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Wil Roebroeks receives Gutenberg Research Award

Archaeologist Wil Roebroeks has received the 2021 Gutenberg Research Award from Johannes Gutenberg University Mainz (JGU).

The Gutenberg Research Award is awarded by the university and comes with an endowment of EUR10,000. It is conferred annually by the Gutenberg Research College (GRC), the university’s central strategic instrument to promote cutting-edge research at JGU.

“By granting Wil Roebroeks the 2021 Gutenberg Research Award, we are honoring his extraordinary contributions to paleoanthropology through his field research, his interdisciplinary approach, and his devotion to international collaboration,” said Professor Siegfried Waldvogel, Director of the GRC.

Gutenberg Research Award
Wil Roebroeks, winner of the 2021 Gutenberg Research Award. Photo courtesy of Marc de Haan, Leiden University.

Roebroeks is Professor of Palaeolithic Archaeology at Leiden University. His research focus is on Neanderthals and other, earlier Eurasian hominins. Among other things, he investigates how these primeval humans used fire, managed to subsist, produced stone tools, and even changed the environment around them.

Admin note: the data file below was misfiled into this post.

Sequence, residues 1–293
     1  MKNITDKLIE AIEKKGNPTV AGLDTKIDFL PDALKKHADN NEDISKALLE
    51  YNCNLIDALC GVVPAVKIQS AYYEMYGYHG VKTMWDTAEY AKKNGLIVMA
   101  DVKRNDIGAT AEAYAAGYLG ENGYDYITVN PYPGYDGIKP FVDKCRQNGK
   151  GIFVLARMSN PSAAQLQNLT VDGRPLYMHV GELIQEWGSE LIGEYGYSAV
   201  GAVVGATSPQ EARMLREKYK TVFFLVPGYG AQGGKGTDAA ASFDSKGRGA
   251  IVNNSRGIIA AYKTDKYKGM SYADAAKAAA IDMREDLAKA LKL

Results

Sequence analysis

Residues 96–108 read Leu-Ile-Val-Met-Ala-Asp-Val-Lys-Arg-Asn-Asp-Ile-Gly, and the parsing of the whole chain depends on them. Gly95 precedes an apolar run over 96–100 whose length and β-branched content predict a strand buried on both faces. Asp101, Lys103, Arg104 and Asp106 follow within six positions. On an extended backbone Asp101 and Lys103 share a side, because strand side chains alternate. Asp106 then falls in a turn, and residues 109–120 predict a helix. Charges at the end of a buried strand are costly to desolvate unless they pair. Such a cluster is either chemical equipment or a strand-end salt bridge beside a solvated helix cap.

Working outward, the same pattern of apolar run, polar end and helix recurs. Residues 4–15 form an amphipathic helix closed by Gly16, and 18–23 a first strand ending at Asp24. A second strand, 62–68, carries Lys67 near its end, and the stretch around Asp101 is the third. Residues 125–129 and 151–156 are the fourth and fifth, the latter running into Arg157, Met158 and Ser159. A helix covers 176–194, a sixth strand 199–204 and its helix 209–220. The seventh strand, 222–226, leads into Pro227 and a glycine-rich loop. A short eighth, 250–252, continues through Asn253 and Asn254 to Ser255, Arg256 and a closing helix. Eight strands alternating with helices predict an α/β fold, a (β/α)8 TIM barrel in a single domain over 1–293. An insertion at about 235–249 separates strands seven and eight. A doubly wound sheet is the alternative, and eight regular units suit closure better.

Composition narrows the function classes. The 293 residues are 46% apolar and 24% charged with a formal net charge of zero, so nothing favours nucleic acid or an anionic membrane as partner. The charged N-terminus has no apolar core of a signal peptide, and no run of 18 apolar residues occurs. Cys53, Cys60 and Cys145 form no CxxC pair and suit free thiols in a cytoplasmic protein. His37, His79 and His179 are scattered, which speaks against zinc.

For this, he employs data that he has collected during extensive excavations in countries such as the Netherlands, France, Russia, Germany, and the U.K.

Gutenberg Research Award

“Wil Roebroeks is one the world’s leading researchers in his field. Through his work, he has been able to provide fundamental insights into the earliest human settlement of Europe and Asia,” said Professor Sabine Gaudzinski-Windheuser of the JGU Department of Ancient Studies, who nominated Roebroeks for the Gutenberg Research Award. “Moreover, he is actively involved in promoting the research community in any number of ways.”

From 2011 to 2021, Roebroeks was Vice-President of the European Society for the Study of Human Evolution (ESHE) and a member of the advisory boards of various specialist journals and research institutions, including the Römisch-Germanisches Zentralmuseum (RGZM) in Mainz and the German Archaeological Institute (DAI).

He holds a number of honors, including the Spinoza Prize–the most distinguished academic award of the Netherlands–and the Humboldt Research Award of the Alexander von Humboldt Foundation that is given to outstanding international researchers.

Among the planned events are a public lecture by Roebroeks on May 24 at the RGZM and a workshop with him on May 25 at the MONREPOS Archaeological Research Center and Museum for Human Behavioural Evolution in Neuwied.

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